Growing Guide To Beat The Heat: Drought Resistant Plants

You are capable of growing and producing your own food, you just have to be knowledgeable on the conditions and care your plants need! Find out what grows well in your area and give your favorites love and a little less water some plants thrive in the heat!

If you find yourself in a location experiencing drought, here are some vegetables and food plants that thrive in low water conditions:

  • African basil
  • Arugula sylvetta – the small-leafed, intensely-flavored perennial arugula
  • Arugula
  • Chicory
  • Grapes
  • Cowpea / blackeyed pea – especially the varieties developed by Native Americans in the desert southwest
  • Cumin
  • Fennel – Produces fennel seed under severe drought conditions.  Bulbing varieties needs some irrigation to form the succulent stems we call “fennel bulbs”
  • Garbanzo beans – need water supply turned off once the pods form
  • Italian dandelions
  • Lentils – need water supply turned off once the pods form
  • Mediterranean herbs such as oregano, sage, rosemary, thyme, and lavender
  • Egyptian spinach- tolerates searing heat quite well
  • Low prickly pear cactus- has edible fruits and leaf pads
  • Nopales – both the paddles and the fruit of this large cactus are edible
  • Okra
  • Olive Trees
  • Pomegranates
  • Quinoa – source of the high-protein “grain” that is gaining in popularity, the young leaves are edible as a potherb
  • Spanish mint
  • Tomatillos, especially varieties from the desert Southwest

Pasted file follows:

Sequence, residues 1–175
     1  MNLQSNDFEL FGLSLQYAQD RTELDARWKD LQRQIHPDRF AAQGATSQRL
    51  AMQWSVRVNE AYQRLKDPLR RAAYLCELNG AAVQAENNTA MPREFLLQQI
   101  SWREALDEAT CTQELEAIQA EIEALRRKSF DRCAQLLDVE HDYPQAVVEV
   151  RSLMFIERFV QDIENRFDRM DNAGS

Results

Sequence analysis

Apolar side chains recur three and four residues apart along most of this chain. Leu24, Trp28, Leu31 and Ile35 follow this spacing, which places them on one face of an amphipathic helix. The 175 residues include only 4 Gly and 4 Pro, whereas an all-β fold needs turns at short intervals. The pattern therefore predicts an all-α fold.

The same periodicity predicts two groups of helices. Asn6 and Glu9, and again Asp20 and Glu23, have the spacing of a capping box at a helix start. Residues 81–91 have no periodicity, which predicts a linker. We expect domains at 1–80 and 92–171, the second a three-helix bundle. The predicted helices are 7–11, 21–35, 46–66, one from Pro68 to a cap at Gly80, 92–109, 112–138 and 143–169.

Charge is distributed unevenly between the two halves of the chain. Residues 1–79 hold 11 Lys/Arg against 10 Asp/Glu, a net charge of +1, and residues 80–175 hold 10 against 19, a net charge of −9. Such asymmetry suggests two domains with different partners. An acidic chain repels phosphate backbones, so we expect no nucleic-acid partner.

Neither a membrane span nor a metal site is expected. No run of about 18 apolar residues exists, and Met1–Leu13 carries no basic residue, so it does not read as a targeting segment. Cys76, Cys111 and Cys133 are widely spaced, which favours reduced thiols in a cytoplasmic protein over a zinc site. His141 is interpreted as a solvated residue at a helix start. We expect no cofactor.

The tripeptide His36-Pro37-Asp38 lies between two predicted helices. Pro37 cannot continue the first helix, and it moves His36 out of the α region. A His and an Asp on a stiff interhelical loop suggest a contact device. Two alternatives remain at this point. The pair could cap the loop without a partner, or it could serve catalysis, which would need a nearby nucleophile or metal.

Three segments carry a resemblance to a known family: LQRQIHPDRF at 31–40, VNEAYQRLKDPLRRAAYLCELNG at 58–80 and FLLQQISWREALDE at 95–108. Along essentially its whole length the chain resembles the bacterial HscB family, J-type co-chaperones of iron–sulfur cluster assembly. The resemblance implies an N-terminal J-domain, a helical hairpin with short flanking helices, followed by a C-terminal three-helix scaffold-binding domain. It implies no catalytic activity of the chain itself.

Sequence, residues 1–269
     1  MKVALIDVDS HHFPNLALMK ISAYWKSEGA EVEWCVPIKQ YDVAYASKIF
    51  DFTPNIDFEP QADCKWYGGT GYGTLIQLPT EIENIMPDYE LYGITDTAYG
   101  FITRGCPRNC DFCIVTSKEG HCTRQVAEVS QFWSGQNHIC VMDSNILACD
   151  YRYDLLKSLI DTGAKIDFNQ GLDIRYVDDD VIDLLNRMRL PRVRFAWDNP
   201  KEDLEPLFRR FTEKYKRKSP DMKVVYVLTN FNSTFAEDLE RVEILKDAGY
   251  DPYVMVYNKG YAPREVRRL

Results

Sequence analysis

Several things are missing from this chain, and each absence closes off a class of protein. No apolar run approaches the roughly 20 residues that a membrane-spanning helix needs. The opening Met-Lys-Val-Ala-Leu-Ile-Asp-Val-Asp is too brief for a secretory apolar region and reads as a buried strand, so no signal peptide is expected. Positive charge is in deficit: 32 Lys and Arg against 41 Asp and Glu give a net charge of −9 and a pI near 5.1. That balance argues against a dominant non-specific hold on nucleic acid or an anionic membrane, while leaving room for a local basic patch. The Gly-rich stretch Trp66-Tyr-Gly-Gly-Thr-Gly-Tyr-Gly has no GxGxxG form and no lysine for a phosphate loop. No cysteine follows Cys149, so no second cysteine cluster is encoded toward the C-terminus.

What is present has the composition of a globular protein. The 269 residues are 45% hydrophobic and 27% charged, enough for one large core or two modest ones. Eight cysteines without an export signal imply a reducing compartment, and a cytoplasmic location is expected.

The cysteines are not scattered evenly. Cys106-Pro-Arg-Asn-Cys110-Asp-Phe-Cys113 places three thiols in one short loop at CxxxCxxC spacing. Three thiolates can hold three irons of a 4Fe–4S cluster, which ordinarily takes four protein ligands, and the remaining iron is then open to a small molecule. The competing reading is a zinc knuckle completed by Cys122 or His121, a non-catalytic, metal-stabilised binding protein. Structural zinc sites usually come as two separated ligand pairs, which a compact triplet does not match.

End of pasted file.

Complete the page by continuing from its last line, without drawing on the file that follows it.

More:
• Watermelons, especially varieties from the desert Southwest
  • Heirloom varieties that were developed for drought-tolerant conditions.  For instance there are squash, bean, melon, and corn varieties that were developed by Native Americans in the desert Southwest.  There are drought-tolerant rice varieties developed over generations in India.
  • Certain medicinal herbs, like aloe vera, calendula, California poppy, feverfew, horehound, white sage, and yarrow.

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Low-to-moderate watering plants:

  • Artichokes
  • Bay leaf
  • Chili peppers – the hot kinds tolerate drought conditions better than the sweet/bell kinds
  • Citrus (lemons, oranges, tangerines, limes, grapefruit, kumquats) – most want to dry out between waterings
  • Fava beans
  • Figs
  • Feijoa / pineapple guava
  • Chinese date
  • Strawberry guava
  • Sunflowers
  • Some tomatoes – some of the wilder varieties of cherry and currant tomatoes are remarkably drought-tolerant

 

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